General Motors said on Tuesday that it will cut its global work force by nearly 10,000, or 14 percent, this year and impose pay cuts on most of the remaining jobs.
The bailed out car maker, who is scrambling to cut costs and restructure, will cut its workforce to 63,000 from 73,000 during the year.
In the US market , about 3,400 of 29,500 white-collar jobs will be cut. Most jobs will be cut by May 1, and most remaining U.S. staff will see pay cuts of between 3 percent and 10 percent for the year, GM said.
The restructuring is the latest move the struggling car maker is taking as it approaches the February 17 deadline to submit a plan to the US government.
"These difficult actions are necessitated by a severe drop in vehicle sales worldwide and by the need to restructure GM for long-term viability," GM said in a statement.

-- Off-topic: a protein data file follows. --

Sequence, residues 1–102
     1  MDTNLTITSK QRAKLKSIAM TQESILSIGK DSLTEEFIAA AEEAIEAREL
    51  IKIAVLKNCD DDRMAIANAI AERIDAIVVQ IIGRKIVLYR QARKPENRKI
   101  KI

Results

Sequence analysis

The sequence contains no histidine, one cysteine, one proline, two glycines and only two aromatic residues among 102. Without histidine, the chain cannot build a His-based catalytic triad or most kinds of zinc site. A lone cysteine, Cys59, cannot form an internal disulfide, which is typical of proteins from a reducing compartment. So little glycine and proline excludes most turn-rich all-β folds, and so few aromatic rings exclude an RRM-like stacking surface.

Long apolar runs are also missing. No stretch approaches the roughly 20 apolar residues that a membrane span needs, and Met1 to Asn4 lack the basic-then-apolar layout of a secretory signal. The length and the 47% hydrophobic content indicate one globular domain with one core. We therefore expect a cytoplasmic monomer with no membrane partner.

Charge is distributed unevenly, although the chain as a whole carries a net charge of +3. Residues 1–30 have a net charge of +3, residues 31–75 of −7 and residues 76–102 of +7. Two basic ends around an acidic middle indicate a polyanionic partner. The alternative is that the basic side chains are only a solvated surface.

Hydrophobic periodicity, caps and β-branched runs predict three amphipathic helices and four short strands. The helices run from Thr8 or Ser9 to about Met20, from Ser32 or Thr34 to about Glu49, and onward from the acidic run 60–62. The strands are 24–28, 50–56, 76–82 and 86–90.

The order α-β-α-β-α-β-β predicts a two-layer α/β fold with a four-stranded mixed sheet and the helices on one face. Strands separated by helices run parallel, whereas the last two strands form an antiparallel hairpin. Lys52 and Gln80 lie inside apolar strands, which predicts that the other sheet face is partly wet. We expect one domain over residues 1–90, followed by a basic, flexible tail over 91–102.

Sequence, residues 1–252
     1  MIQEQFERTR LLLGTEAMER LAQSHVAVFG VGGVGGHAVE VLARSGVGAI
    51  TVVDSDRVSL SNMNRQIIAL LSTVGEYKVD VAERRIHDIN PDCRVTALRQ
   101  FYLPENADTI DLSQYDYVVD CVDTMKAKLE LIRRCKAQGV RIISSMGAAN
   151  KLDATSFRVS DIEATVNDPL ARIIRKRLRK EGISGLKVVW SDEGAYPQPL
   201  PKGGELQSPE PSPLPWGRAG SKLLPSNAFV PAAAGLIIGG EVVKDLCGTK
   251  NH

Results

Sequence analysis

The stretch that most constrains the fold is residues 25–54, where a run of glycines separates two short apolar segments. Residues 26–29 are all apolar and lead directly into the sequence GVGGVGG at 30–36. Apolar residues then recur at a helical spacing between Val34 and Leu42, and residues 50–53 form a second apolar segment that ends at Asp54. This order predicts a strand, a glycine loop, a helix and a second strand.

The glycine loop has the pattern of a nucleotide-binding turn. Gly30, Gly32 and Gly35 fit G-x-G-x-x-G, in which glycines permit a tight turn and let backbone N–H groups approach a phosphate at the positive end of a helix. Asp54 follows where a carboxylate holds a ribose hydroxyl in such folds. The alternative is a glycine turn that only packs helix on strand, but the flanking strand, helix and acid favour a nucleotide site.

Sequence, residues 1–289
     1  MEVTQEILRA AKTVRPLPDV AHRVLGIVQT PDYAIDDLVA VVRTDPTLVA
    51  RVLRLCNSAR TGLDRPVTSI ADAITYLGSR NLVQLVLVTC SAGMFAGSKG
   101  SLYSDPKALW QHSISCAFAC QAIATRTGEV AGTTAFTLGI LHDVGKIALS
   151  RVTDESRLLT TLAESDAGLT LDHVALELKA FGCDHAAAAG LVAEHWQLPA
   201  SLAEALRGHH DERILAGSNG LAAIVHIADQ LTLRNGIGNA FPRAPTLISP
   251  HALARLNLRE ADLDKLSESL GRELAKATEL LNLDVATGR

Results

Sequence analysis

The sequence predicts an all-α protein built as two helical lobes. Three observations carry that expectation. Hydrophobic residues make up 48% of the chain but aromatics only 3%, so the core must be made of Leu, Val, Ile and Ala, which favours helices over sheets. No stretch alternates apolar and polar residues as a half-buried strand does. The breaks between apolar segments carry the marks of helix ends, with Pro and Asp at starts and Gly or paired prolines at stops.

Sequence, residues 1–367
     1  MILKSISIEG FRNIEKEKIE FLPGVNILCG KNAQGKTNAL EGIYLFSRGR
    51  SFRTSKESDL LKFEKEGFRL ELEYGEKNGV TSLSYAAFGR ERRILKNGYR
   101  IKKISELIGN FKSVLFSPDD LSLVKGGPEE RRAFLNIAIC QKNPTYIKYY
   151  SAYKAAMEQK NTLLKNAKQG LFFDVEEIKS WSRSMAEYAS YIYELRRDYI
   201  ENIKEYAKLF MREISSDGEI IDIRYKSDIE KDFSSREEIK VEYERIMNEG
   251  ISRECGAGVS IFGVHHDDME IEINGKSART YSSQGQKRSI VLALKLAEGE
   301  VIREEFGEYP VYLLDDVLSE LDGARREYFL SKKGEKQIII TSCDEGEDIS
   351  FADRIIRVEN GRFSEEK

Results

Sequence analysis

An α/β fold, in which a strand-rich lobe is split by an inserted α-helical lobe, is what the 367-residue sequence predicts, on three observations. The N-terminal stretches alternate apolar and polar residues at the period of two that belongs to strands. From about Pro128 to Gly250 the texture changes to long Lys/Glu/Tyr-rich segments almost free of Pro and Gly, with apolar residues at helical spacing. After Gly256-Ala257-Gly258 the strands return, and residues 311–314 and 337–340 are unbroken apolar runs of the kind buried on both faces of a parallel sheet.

GM said U.S. executive pay would be cut by 10 percent for the rest of 2009. Other salaried U.S. workers will face pay cuts of between 3 percent and 7 percent, it said.
GM's sales in January plunged by 49 percent and the automaker has said it expects industrywide U.S. sales to be near 10.5 million vehicles in 2009, extending a four-year slump that has taken the market to the lowest levels since the early 1980s.
As a result, GM executives have said the company is looking for deeper and faster cost-cutting under the restructuring plan that will be submitted to the U.S. Treasury under terms of its $13.4 billion bailout.
The automaker is also negotiating with bondholders and the United Auto Workers union for concessions and it is planning to close several factories. To prove its viability, it must show an ability to repay the loans and prove "positive net present value."
GM has offered buyouts to its U.S. workers represented by the United Auto Workers union, but remains in talks.
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